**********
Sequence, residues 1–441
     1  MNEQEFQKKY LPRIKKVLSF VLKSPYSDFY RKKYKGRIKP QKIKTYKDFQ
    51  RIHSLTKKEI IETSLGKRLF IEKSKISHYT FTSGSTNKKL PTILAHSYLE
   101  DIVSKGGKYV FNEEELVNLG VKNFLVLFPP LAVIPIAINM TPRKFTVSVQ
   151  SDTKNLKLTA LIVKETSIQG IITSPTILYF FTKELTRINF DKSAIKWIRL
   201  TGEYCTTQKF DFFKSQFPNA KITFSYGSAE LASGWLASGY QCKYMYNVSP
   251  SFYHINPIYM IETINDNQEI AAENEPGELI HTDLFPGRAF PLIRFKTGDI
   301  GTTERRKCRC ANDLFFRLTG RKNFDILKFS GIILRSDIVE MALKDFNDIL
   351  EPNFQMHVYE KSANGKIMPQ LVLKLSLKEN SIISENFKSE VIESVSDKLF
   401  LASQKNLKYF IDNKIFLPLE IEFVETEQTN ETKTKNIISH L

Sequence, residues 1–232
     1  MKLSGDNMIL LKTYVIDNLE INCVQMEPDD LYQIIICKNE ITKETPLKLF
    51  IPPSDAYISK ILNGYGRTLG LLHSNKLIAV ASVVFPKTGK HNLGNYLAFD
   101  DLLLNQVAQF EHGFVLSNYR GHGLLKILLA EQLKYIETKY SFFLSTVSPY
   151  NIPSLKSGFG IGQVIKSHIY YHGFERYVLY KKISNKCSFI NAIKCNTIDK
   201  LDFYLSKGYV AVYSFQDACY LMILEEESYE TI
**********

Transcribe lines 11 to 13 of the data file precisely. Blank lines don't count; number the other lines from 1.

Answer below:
Sequence, residues 1–232
     1  MKLSGDNMIL LKTYVIDNLE INCVQMEPDD LYQIIICKNE ITKETPLKLF
    51  IPPSDAYISK ILNGYGRTLG LLHSNKLIAV ASVVFPKTGK HNLGNYLAFD